In Doe v. Nestle, Professors Green and Ní Aoláin Help Bring Nuremberg Precedent to Contemporary Law
DECEMBER 20, 2013—On Dec. 2, the United States Court of Appeals for the Ninth District heard an oral argument in the case of Doe v. Nestle, brought on behalf of three children allegedly forced to perform slave labor on cocoa plantations in the Ivory Coast. During the argument, the judges extensively discussed an amicus brief filed by a group of 15 scholars of the post-WWII Nuremberg war crimes tribunals, one of whom is Professor Fionnuala Ní Aoláin of the Law School. Professor Jennifer Green served as counsel of record on the brief, which argued that the precedents set during the Nuremberg trials regarding corporations' responsibility for criminal acts should be adhered to in Doe v. Nestle as well.
To quote a key summary excerpt from the brief: "Given the singular importance of Nuremberg, it is particularly crucial that this Court conduct a thorough review of its jurisprudence and (1) recognize that corporations can indeed be punished under international law and (2) adopt the proper standard for aiding and abetting liability that flowed out of the Nuremberg trials." With respect to when a corporation might be liable, the brief maintained, that proper standard for aiding and abetting is knowledge of the unlawful acts, rather than having the specific purpose of committing the violation.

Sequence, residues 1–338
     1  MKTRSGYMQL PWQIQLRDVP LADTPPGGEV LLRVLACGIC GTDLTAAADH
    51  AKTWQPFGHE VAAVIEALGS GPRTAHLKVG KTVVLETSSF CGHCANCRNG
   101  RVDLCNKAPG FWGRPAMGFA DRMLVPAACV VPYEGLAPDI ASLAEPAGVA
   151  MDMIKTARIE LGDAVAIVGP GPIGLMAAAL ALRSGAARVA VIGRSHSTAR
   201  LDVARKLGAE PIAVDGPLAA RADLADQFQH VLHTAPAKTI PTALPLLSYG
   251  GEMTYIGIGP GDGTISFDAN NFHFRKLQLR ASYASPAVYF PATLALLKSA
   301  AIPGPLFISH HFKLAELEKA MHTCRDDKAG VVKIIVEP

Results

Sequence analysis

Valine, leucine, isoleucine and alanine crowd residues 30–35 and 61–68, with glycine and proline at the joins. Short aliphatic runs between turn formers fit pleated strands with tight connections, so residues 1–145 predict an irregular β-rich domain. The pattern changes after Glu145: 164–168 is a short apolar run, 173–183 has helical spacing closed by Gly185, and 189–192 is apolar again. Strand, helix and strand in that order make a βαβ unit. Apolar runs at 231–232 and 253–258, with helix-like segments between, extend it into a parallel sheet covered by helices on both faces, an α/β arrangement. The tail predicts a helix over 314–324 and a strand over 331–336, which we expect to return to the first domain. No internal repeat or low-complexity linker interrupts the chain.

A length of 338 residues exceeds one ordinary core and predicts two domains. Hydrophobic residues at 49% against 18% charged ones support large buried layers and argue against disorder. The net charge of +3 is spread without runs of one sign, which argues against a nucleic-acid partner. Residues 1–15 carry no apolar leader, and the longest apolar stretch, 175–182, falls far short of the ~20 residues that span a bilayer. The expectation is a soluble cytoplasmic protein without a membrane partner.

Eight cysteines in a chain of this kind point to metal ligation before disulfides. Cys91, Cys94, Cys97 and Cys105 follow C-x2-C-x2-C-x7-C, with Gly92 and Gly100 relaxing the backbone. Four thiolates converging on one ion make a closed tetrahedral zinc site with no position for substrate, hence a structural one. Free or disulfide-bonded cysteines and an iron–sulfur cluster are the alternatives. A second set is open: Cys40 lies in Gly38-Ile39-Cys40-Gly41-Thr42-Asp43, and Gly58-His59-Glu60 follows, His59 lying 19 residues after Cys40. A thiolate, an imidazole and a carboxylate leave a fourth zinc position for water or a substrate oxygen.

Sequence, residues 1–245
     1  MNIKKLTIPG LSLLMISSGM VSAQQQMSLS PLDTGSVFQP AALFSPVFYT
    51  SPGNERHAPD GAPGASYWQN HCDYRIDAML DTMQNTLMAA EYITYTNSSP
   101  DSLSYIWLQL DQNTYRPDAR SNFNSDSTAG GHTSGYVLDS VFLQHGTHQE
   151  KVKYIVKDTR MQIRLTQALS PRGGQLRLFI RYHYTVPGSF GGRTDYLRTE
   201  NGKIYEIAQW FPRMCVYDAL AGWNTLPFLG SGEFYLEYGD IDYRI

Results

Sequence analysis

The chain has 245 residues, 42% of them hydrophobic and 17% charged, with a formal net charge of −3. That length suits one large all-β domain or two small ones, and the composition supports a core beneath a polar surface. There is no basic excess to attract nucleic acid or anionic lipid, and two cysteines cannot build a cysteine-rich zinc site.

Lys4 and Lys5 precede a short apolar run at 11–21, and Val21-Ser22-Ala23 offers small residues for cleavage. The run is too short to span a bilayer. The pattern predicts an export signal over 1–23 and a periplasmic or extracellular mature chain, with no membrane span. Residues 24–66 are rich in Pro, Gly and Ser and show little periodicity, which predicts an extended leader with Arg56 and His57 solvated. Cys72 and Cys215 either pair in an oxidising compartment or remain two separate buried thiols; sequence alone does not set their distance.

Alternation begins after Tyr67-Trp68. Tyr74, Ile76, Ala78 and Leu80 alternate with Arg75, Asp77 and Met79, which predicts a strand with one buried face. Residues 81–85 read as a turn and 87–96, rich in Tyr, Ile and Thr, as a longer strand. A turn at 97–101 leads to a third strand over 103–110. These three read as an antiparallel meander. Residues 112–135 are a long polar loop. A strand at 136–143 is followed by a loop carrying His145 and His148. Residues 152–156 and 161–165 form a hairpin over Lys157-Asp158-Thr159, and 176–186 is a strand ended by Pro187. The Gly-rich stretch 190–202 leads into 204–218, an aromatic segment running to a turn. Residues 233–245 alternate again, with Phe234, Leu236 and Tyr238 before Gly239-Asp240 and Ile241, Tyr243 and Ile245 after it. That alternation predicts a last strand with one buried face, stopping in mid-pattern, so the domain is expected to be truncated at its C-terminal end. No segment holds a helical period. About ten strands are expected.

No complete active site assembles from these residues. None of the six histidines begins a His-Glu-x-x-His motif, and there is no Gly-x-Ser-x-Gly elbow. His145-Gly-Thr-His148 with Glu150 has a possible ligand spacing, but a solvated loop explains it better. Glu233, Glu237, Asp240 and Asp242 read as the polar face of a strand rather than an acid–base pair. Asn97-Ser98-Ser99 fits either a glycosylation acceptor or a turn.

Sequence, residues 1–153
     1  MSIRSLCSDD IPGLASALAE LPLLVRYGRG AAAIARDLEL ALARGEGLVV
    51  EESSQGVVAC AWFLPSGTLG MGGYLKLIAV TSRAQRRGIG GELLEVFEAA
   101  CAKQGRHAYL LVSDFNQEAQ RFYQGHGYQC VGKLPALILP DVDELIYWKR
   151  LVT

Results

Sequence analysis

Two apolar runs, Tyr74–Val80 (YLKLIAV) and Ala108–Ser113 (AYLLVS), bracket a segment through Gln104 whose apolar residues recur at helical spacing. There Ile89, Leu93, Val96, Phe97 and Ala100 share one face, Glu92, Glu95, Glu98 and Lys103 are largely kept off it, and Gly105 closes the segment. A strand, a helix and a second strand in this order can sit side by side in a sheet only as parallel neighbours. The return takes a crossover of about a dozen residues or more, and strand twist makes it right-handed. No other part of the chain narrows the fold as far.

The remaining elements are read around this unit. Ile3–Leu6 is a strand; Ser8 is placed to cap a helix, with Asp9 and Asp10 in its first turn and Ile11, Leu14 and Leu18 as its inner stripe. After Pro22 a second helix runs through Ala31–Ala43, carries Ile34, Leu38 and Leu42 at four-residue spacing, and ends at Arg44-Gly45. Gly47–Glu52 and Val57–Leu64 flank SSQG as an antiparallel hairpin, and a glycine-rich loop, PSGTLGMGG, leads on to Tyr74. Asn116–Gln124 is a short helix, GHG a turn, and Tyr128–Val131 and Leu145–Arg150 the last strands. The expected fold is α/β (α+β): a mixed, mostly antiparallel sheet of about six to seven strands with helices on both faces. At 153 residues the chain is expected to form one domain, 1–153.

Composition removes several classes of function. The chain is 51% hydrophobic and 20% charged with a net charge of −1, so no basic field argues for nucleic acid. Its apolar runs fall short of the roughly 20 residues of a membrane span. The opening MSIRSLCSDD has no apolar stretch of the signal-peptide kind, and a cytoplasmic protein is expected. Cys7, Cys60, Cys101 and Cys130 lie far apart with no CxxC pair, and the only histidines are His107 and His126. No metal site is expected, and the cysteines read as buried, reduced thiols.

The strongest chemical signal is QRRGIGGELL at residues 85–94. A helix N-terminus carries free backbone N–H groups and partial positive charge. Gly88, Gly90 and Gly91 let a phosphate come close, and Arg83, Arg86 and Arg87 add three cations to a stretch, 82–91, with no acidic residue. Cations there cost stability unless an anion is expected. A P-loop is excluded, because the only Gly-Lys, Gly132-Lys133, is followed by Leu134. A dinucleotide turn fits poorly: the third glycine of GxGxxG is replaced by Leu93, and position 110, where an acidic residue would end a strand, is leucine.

The court ruled quickly, holding on Dec. 19 that "corporations can face liability for claims brought under the Alien Tort Statute"—the federal law allowing tort claims by aliens for violations of the law of nations or U.S. treaties.
"The standard that the Nuremberg tribunals established was that government and corporate officials who knowingly aided in atrocities were held accountable, even if others ultimately committed the physical acts of violence," Professor Green commented. "The action the Allies took after the war to dismantle certain corporations—such as I.G. Farben, which produced poison gas for the concentration camps—was further evidence that corporations themselves were to be held culpable for their collective actions. We are pleased to see the Ninth Circuit adopt the correct standard for corporate complicity in human rights abuses and hope this contributes to a system of accountability for today's violations."